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early 14c., "fact or right of succeeding someone by inheritance," from Old French succession (13c.), from Latin successionem (nominative successio) "a following after, a coming into another's place, result," from successus, past participle of succedere (see succeed). Meaning "fact of being later in time" is late 14c.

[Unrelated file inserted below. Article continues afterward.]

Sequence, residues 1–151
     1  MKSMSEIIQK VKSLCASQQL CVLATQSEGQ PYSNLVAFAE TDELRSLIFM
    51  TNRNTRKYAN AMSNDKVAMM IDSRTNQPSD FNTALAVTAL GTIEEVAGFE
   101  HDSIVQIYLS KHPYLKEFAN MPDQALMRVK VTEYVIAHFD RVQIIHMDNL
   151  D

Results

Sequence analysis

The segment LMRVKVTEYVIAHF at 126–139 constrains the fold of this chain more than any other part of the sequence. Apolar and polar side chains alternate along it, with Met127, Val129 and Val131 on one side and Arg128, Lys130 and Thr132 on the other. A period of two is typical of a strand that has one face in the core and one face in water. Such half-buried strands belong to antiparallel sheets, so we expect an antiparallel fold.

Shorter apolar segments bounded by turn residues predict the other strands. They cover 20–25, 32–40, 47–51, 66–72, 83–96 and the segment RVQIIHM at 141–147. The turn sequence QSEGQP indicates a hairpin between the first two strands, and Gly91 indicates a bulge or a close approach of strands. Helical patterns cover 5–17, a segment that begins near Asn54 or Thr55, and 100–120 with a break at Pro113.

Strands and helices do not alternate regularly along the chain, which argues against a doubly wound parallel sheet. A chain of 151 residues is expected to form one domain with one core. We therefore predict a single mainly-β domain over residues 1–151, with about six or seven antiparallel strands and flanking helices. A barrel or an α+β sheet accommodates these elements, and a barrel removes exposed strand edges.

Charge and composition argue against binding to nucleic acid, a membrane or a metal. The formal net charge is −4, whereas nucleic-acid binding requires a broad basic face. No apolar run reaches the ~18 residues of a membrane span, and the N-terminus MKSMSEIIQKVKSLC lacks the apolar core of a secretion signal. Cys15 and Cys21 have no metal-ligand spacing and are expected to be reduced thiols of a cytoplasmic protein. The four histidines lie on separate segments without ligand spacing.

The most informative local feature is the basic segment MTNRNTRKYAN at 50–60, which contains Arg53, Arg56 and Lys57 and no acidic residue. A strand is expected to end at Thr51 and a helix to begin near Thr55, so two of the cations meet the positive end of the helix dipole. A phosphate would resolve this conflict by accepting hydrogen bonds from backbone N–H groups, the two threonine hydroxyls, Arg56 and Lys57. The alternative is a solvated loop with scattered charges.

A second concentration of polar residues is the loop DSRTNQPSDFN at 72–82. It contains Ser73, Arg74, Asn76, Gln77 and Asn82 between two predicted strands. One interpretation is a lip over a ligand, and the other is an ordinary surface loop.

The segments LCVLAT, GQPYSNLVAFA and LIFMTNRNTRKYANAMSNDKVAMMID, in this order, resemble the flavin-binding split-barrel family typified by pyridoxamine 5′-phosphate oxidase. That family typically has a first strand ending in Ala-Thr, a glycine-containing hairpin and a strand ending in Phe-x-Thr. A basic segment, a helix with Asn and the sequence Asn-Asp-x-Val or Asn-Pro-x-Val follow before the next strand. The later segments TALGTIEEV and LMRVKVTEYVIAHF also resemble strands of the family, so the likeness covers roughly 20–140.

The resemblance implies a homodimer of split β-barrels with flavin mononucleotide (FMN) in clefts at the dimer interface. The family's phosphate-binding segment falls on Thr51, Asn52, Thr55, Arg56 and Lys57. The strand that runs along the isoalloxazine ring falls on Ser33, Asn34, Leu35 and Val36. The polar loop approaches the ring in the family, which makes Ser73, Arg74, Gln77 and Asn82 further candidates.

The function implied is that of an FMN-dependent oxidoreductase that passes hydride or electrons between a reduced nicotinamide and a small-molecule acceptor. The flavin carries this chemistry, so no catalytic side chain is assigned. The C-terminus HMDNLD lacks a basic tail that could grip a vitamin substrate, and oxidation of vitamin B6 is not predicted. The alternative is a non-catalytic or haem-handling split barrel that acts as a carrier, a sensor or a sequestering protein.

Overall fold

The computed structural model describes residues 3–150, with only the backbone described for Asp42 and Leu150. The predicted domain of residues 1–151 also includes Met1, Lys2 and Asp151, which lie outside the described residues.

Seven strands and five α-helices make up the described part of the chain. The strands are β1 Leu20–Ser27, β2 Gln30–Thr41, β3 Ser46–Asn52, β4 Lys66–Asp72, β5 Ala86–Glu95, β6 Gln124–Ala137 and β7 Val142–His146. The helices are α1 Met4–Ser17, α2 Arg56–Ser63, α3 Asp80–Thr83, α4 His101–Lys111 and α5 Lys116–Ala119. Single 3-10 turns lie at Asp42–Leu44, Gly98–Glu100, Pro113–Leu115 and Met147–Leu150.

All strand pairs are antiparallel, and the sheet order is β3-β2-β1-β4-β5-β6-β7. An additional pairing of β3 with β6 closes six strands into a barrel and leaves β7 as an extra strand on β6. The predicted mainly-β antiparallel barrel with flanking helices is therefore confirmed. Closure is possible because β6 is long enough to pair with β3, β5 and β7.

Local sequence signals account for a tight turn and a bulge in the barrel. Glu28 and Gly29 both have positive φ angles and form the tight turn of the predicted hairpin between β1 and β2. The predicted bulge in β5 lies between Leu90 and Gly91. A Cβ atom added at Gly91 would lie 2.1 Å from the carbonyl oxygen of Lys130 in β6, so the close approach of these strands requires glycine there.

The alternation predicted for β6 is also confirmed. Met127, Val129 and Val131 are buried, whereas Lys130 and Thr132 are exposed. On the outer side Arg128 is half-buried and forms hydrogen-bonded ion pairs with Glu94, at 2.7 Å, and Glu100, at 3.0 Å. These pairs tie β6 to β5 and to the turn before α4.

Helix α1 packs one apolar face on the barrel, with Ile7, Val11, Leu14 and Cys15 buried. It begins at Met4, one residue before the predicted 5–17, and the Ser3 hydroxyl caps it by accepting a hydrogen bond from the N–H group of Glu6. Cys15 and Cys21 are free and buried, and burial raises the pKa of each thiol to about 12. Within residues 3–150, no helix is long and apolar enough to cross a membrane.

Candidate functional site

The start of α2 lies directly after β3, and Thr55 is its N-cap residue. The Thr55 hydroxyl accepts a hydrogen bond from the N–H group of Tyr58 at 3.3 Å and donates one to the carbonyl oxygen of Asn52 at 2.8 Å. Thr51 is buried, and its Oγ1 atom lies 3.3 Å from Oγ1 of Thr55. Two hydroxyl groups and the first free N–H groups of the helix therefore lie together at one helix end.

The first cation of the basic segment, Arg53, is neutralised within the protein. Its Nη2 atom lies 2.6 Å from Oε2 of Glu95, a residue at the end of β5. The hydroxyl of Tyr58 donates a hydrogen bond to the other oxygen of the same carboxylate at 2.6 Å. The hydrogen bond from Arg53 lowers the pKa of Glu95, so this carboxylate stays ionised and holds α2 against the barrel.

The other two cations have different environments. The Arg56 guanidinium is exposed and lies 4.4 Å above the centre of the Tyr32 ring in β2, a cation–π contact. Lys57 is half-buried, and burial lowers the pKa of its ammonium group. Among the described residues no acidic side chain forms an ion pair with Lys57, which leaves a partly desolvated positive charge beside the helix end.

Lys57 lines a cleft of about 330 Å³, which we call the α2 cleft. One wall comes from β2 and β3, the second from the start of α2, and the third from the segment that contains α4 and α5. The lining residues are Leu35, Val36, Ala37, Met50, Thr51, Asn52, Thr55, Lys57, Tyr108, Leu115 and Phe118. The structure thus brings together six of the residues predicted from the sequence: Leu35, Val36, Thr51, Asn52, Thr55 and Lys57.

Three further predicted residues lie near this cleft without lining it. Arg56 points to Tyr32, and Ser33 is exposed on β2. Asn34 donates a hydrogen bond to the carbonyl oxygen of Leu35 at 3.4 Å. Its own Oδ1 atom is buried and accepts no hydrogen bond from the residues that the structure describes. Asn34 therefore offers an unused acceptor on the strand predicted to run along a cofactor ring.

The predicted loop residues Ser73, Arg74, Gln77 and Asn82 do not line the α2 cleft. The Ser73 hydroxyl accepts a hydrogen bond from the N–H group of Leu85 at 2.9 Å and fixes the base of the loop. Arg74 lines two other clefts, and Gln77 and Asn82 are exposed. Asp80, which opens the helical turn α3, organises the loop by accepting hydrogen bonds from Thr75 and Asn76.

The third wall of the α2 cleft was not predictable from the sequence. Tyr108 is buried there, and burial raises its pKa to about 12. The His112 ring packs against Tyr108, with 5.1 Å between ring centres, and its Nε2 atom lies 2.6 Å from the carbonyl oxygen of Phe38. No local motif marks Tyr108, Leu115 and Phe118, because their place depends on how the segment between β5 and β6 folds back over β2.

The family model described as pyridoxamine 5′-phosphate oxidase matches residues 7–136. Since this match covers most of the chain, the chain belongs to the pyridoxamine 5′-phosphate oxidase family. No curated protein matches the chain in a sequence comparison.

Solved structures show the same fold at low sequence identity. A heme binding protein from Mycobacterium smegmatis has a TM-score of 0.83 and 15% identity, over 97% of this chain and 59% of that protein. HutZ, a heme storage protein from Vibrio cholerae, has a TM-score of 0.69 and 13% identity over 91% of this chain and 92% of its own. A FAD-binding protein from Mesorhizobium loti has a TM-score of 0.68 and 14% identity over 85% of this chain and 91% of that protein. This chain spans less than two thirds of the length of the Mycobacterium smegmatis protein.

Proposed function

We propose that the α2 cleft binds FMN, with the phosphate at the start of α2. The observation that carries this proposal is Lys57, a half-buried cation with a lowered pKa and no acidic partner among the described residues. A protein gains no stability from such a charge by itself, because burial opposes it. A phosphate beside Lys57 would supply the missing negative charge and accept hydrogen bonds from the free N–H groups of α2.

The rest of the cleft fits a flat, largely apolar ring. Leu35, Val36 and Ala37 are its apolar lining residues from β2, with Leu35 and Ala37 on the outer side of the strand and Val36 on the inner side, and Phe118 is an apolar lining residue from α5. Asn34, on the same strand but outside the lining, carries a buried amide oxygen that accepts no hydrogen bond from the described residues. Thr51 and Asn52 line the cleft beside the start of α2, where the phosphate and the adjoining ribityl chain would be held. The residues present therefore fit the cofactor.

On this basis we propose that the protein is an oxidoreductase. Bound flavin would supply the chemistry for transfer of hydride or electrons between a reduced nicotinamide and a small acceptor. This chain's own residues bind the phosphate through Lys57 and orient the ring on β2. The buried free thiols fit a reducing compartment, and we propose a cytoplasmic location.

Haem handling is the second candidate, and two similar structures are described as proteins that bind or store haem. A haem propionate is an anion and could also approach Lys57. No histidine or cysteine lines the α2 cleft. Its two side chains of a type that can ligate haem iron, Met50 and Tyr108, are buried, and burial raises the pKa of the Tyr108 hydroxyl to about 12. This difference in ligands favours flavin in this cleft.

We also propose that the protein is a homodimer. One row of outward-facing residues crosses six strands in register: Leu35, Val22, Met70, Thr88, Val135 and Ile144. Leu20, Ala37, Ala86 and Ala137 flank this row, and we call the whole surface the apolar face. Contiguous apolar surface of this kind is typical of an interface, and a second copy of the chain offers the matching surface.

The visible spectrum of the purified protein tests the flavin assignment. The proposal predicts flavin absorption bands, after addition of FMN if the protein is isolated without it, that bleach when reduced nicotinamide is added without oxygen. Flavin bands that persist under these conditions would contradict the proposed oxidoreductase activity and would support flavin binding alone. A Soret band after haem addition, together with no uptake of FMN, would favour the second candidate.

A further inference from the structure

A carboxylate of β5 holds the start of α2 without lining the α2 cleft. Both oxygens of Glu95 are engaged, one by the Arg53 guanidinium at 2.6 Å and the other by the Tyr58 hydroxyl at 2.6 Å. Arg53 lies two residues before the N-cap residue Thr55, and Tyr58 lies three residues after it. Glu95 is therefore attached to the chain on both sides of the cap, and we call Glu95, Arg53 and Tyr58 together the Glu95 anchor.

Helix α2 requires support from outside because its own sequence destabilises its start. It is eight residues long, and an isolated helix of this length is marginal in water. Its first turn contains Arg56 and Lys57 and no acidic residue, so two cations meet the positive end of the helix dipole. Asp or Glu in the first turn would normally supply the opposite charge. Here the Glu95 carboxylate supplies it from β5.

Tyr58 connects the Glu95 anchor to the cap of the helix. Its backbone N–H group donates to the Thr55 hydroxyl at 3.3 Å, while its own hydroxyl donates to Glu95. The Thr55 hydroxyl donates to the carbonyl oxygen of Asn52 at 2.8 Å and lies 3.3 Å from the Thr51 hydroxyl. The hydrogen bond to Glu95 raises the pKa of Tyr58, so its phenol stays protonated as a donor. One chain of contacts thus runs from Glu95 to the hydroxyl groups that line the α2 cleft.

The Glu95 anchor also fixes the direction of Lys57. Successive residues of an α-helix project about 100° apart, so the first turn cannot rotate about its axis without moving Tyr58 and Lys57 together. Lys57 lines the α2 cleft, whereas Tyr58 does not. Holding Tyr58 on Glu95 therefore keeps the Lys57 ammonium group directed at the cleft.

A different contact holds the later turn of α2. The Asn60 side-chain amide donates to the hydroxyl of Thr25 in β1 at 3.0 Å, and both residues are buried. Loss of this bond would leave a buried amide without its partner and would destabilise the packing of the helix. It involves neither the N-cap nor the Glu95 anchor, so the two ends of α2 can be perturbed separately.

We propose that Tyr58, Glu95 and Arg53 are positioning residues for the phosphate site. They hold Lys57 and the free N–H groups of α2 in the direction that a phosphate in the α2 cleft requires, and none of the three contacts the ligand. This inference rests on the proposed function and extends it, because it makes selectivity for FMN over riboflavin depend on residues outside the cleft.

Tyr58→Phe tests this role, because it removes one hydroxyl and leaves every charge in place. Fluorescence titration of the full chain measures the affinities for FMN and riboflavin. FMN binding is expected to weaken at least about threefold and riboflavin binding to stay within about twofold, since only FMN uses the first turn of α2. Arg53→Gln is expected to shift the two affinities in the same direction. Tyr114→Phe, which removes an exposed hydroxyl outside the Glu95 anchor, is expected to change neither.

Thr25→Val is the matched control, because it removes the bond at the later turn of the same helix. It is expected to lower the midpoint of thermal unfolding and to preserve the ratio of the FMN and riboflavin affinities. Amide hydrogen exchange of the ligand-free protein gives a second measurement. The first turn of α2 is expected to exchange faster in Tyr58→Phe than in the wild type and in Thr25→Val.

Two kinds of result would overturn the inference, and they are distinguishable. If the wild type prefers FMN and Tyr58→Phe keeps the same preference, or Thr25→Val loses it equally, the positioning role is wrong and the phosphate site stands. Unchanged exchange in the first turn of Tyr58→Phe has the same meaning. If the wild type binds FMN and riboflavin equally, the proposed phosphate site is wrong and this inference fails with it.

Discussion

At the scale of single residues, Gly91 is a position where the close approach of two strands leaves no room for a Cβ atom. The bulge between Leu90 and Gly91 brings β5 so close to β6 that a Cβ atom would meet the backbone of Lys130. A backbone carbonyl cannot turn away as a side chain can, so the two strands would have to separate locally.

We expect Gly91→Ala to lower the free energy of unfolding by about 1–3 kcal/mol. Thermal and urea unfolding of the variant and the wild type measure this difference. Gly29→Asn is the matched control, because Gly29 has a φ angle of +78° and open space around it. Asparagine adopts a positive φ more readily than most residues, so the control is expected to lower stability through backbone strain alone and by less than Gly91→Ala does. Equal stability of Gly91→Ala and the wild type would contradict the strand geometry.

The gradual replacement of one type of ecological community by another in the same area, involving a series of orderly changes, especially in the dominant vegetation. Succession is usually initiated by a significant disturbance of an existing community. Each succeeding community modifies the physical environment, as by introducing shade or changing the fertility or acidity of the soil, creating new conditions that benefit certain species and inhibit others until a climax community is established. ◇ The sequential development of plant and animal communities in an area in which no topsoil exists, as on a new lava flow, is called primary succession. ◇ The development of such communities in an area that has been disturbed but still retains its topsoil, as in a burned-over area, is called secondary succession. See more at climax community.